Fort Hood in Texas is to become Fort Cavazos, after Gen. Richard Cavazos, who grew up on a Texas ranch during the Great Depression and earned his first Distinguished Service Cross as a young officer in the Korean War. He became the first Hispanic Army four-star general and retired after sustaining, training, and deploying all the Army’s deployable forces as the head of the U.S. Army Forces Command.
Fort Pickett in Virginia is to be renamed Fort Barfoot, for Col. Van T. Barfoot, a Choctaw Indian from Mississippi who received the Medal of Honor after single-handedly taking out three German machine gun positions in Northern Italy during World War II and, later the same day, using a bazooka to destroy a tank and then supporting two wounded soldiers to treatment nearly a mile over exposed ground.
No Army base names currently honor women, even though women made up more than 15% of the Army and more than 34% of its civilian workers in 2021, according to Smithsonian Magazine. In addition to Lt. Col. Charity Adams, two more women are to have bases named in their honor.
Fort A.P. Hill in Virginia is to become Fort Walker, named after Dr. Mary Walker, a strong abolitionist and advocate for women’s rights and equality who in 1863 became the first female surgeon in Army history. She continued to serve after she was captured by Confederates and imprisoned for four months in Richmond, and in 1865, she received the Medal of Honor.
Fort Benning in Georgia is to be renamed Fort Moore, in commemoration of Lt. Gen. Hal Moore and Julia Moore, recognizing the service and sacrifices of military families. While her husband served in Vietnam, Julia Moore reformed the Army’s policy for notifying families that their loved ones have been injured or killed.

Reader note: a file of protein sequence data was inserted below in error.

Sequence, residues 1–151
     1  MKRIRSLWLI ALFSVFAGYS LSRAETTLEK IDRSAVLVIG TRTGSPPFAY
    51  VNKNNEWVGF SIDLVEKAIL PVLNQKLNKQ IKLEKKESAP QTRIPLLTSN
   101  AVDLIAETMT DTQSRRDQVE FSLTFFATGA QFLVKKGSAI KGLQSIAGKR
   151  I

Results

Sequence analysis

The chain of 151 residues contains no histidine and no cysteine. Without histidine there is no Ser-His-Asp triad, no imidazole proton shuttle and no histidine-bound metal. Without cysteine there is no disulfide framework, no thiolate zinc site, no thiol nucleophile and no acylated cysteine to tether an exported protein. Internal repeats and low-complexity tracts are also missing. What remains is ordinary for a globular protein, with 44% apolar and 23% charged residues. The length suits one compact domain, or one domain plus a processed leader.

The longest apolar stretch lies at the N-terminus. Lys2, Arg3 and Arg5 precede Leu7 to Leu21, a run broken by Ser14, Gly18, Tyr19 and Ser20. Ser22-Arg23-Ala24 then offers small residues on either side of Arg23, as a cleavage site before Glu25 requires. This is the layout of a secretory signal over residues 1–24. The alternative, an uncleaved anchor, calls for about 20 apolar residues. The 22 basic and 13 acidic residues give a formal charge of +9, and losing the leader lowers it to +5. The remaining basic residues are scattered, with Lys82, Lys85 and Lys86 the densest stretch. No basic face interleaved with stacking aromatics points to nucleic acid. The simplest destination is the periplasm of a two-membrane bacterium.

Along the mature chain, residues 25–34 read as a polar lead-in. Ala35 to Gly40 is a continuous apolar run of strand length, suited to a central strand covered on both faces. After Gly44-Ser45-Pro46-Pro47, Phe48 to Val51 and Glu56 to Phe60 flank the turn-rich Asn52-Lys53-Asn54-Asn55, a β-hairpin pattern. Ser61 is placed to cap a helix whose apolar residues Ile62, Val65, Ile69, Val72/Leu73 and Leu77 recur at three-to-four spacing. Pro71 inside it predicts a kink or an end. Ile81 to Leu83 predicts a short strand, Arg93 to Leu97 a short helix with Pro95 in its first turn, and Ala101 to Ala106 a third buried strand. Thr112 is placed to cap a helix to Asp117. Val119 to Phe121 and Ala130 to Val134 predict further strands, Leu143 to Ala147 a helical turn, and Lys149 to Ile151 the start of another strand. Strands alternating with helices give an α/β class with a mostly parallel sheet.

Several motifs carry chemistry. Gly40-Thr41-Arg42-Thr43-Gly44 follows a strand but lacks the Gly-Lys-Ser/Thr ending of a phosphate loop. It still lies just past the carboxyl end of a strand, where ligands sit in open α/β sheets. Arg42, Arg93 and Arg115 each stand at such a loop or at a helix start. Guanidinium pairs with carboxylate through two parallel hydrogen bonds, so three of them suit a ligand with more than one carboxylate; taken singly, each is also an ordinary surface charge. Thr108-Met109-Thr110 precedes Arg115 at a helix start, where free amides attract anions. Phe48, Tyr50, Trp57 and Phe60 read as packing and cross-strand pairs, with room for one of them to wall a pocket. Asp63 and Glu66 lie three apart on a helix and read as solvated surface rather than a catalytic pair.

Dwight D. Eisenhower, a five-star general before he became president, will be commemorated with the renaming of Fort Gordon in Georgia, which is named after Lt. Gen. John Brown Gordon, who was widely known as the head of Georgia’s Ku Klux Klan.
Fort Rucker in Alabama is to become Fort Novosel, after Michael Novosel, a 42-year-old lieutenant colonel in the Air Force Reserve who resigned his commission in order to serve as a helicopter pilot in Vietnam. After he received the Medal of Honor for medically evacuating 29 wounded men while under heavy fire, he continued serving in Army aviation and evacuated his son when he was shot down over Vietnam. The father and son’s “combined service honors generational service,” the commission wrote.
The largest military installation in the world by population is named after enslaver and Confederate Gen. Braxton Bragg. Fort Bragg in North Carolina is to be renamed Fort Liberty—the only recommendation that commemorates a concept rather than a person. The commission wrote that “Fort Liberty symbolizes the U.S. Army’s defense of liberty for almost 250 years.”
The commission’s recommendations will be included in a written report to the House Armed Services Committee and Senate Armed Services Committee due October 1, 2022. Defense Secretary Lloyd J. Austin III has the final authority to order base renaming, which is to be implemented by January 1, 2024.